Framing the House

Framing the house is one of the most exciting phases of the entire project! Your hopes and dreams begin to literally take shape as the studs, joists and rafters go up!  

It's one thing to look at drawings and pictures to imagine how your house will look, but it's a lot more fun to stand in front of your house, comparing the drawings to the walls and roofs that got built that day.  But this isn't just fun - this is serious business.  

Whether or not your house will turn out like the drawings, the way you intended, depends upon how well the framer does his job, and upon the materials you decide to use.  

What Does the Framer Do?

In our area (central Alabama), these are the items that this subcontractor usually has in his work:

  • Stud walls, ceiling joists, rafters
  • Wall sheathing
  • Roof deck and felt
  • Brick wall ties
  • "Set" exterior doors
  • Install windows 
  • Stay Ahead of the Game!

    Before you get to the concrete stage, take your drawings to a good lumber and building materials supply house - one that will figure quantities for you. If you want to compare prices among suppliers, don't compare the totals that you get from each one. One of the suppliers will have the cheapest "bottom line" total, but their quantities may not be correct. The quantities of lumber and materials that you buy, in the end, will be whatever amount it takes to complete the house. Compare the suppliers' unit prices, because that's what makes the real difference.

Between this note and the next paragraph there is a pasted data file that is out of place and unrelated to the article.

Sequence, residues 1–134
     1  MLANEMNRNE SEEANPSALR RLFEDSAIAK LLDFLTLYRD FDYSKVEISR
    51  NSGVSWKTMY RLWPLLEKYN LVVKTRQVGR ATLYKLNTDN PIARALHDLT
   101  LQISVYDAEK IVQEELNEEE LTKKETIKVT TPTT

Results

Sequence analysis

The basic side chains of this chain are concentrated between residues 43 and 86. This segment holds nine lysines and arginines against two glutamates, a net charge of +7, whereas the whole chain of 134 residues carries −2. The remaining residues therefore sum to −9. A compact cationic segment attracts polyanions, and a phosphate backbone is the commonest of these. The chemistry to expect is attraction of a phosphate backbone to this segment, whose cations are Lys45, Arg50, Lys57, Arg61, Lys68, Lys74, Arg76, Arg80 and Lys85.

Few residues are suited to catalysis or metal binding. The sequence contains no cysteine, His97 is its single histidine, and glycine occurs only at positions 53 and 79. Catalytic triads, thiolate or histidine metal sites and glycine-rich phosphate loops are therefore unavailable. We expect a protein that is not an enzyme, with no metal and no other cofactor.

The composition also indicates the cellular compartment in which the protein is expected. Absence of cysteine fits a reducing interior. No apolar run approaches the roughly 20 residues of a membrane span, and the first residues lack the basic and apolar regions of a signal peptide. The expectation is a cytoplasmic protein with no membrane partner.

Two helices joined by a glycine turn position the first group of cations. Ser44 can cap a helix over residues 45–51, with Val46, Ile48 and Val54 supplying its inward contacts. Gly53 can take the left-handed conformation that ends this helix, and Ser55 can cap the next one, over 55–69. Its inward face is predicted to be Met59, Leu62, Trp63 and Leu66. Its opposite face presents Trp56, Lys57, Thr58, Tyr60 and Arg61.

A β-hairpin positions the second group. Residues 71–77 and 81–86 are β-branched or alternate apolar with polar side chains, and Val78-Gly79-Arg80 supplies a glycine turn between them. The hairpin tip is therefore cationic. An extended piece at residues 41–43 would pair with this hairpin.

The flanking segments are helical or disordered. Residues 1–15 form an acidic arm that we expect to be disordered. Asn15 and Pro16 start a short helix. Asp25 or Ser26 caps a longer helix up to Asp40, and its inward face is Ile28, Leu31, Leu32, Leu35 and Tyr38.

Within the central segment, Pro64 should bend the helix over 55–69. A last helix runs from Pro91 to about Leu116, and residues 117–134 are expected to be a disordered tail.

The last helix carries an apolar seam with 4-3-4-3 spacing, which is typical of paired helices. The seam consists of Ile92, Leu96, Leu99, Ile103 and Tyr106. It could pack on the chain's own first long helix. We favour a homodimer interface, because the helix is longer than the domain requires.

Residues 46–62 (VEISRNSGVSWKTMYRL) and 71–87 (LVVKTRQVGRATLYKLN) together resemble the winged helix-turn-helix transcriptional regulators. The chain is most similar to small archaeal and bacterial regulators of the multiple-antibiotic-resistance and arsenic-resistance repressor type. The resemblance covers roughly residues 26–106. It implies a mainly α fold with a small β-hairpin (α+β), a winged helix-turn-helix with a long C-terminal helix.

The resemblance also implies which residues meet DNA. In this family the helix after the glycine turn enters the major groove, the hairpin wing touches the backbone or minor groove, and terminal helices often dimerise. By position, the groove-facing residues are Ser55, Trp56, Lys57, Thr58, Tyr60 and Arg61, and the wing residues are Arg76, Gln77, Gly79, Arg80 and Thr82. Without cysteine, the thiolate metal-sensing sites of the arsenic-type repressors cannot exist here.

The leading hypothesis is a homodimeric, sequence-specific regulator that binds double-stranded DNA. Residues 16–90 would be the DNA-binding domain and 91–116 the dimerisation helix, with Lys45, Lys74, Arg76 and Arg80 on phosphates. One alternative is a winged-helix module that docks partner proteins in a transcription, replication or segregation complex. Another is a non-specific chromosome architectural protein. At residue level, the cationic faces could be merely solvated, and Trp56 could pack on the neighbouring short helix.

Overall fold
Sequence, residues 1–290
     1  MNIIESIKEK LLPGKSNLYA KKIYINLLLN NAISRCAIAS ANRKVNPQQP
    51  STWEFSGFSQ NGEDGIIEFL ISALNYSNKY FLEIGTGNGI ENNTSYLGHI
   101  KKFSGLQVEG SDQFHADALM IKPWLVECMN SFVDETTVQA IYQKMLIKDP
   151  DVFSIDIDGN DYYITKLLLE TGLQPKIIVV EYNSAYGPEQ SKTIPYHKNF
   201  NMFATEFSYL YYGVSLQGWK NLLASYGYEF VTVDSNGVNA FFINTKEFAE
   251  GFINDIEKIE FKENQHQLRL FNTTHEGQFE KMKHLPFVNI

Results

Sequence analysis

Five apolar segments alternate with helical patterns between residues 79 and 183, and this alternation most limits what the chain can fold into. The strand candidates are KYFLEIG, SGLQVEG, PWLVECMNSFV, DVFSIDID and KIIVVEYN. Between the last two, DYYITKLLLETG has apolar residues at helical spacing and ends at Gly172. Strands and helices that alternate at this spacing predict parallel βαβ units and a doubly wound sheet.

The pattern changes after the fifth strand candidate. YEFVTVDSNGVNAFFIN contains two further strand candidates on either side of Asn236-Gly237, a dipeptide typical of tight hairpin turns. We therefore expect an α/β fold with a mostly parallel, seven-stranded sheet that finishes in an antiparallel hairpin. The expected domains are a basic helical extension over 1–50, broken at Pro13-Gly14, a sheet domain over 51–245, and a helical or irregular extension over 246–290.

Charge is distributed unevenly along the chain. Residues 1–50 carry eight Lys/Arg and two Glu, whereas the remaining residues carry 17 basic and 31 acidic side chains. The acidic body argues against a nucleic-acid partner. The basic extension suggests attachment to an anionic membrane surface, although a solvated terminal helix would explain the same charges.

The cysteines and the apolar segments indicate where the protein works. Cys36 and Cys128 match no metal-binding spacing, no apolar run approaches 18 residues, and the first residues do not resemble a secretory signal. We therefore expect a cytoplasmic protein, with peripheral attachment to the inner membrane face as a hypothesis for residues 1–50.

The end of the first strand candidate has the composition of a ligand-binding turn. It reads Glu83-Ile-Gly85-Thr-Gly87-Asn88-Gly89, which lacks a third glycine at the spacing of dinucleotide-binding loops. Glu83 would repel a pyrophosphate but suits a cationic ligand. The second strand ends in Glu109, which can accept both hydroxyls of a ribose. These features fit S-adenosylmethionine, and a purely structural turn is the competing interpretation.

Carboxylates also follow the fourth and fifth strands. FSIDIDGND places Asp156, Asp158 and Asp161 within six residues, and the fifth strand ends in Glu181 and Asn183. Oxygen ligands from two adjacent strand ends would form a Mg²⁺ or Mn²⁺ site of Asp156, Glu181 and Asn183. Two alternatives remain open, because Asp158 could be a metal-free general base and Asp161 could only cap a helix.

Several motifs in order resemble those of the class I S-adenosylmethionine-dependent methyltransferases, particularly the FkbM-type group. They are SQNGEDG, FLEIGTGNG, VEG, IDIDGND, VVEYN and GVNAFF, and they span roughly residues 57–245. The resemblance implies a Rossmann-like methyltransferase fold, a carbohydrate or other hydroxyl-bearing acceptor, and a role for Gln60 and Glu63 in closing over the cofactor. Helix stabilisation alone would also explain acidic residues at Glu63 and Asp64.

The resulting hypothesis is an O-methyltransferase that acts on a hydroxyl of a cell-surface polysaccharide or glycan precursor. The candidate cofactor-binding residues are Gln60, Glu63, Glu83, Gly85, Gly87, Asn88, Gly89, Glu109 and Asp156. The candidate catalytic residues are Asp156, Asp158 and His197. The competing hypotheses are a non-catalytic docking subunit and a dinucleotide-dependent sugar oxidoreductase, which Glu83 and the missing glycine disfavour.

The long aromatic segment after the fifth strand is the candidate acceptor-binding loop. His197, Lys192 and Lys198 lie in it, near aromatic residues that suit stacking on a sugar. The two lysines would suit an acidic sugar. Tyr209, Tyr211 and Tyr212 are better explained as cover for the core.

Get settled on your supplier, and keep them informed of your project status. When you are ready, and the framer is set to start work on a particular day, don't wait until the afternoon before to call the lumber supplier! They usually need a couple of days to assemble, load, and schedule the delivery of the studs and other lumber.

    A good supplier will also work with you to do sensible deliveries. You won't want a big load of lumber delivered on Friday afternoon that will sit all weekend on the job site. Try to get it delivered first thing on Monday morning.

    Your framer should also contact and coordinate with the supplier to schedule deliveries as they need materials.

    Buy a 10 foot wide roll of 4 mil or 6 mil plastic (polyethylene). Keep it in your vehicle, and use it to cover lumber and other materials to help shed rain. Putting the plastic over the lumber piles, and taking it off every day, makes keeping the plastic reasonably clean a challenge.

    Take the concrete blocks that were left over from your foundation walls, and use them to weigh down the plastic so it won't blow around. Ask the workers to put the plastic back over the stacks of lumber each day when they leave to go home, if there is a threat of rain.

    The framer will begin by laying out, with chalk lines, every partition. If possible, be at the house site while they are laying out the house. Don't hesitate to measure and check the wall layout against the dimensions on the plans, and carry your measuring tape and house plans with you every time you go to the house.